“I, for one, feel that anyone who has not had a direct relationship with mental illness has no business trying to help others. They just can’t understand. This sounds incredibly harsh and I may be wrong, but I’ve lived with this my whole life and didn’t even understand it until TMS activated whatever wasn’t working in my brain and I saw this for what it is. Depression is the most awful of all diseases. I’ve had cancer, Lyme disease, a weakened immune system…nothing compares to the hell that is an illness in your brain. Now that I know that it is truly an illness, I speak to it that way. I think that the treatments out there are largely just out there for management, but for people with major depressive disorder (and other disorders like anxiety) only things like TMS and ECT (and medicine, for some) can put it in remission. Now, as I clean up parts of my life that have been affected by my depression, I openly call it my illness. I tell people I was very ill–because I was. If I just keep repeating that, and being frank about it…well, that’s how treatment will change.”
I couldn’t agree more, to be honest.
I’m so honored to be able to share Jocelyn’s insight on perseverance in seeking help for depression. I know that, for me, and especially in moments when my depression kicks into high gear, it can feel like anything I do won’t change how I feel in the moment. Hopelessness is one hell of an emotion; arguably one of the hardest to shake. But, I’m truly thankful for role models like Jocelyn to remind us that the fight is never over until you say it is, and that you and your life are worth exhausting all possible resources to reach a better place.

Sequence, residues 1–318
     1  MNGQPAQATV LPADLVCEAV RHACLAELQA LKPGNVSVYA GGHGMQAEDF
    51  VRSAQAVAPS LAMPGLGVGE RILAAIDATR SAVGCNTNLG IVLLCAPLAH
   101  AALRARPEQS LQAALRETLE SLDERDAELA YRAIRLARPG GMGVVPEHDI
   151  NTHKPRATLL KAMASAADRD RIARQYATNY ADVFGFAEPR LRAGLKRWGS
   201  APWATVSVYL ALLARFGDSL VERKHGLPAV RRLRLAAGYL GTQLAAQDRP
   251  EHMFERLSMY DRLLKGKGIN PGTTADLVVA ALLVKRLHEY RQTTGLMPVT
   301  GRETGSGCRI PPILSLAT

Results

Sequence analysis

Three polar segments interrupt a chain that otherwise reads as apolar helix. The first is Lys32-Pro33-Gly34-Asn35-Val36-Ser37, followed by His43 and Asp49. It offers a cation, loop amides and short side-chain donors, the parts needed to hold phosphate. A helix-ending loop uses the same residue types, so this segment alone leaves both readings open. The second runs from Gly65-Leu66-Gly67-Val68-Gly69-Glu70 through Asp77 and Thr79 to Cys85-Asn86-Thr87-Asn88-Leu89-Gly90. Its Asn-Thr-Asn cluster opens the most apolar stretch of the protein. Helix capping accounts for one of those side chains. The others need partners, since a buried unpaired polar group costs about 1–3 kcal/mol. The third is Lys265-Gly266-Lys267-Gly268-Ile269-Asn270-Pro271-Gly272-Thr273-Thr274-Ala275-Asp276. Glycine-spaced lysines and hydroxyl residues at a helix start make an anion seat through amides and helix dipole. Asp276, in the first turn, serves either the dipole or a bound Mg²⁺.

Honestly, after taking her insight in for myself, I’ve gained a second wind in my motivation to better my mental health, and I’m hoping this does the same for others. Of course, remember that you don’t have to have had extremely negative experiences in your life or with depression to still need help to live a better life. There’s no matter of “who needs help the most”. It’s just a matter of realizing that the way you’re living currently doesn’t serve you to the fullest extent, and having the courage to reach out about it.
And, of course, I’d love to give an extremely gargantuan THANK YOU to Jocelyn for being courageous enough to share her story with all of us. She’s definitely already helped someone (*cough* me *cough*), and I have no doubt that her mental health advocacy will continue to help many others. If you have anymore questions for her about her journey and her treatment, feel free to follow her on Instagram and reach out! She’s one of the sweetest women you’ll meet.
**Also, as an interesting side note, here’s the insight Jocelyn gave on calling depression her “friend” in the title that I absolutely loved:
“It’s because I’ve had it as my constant companion my whole life. It’s a sibling who drives me nuts, and a mom who is hard sometimes, and a husband who is distant, but I love them, anyway. However, just because I love them and the role they have played in my life, I don’t have to allow them in. Boundaries are important, right? But, becoming friends with our different emotions is important for self love and acceptance”.
Naturally, I have questions for you guys, as well: If you have already sought help for a mental illness or other personal issue, what pushed you to do it? If you’re currently too nervous or afraid to seek help, why?
And, until we meet again, readers, I still can’t thank you enough for reading and putting up with my nonsense.<3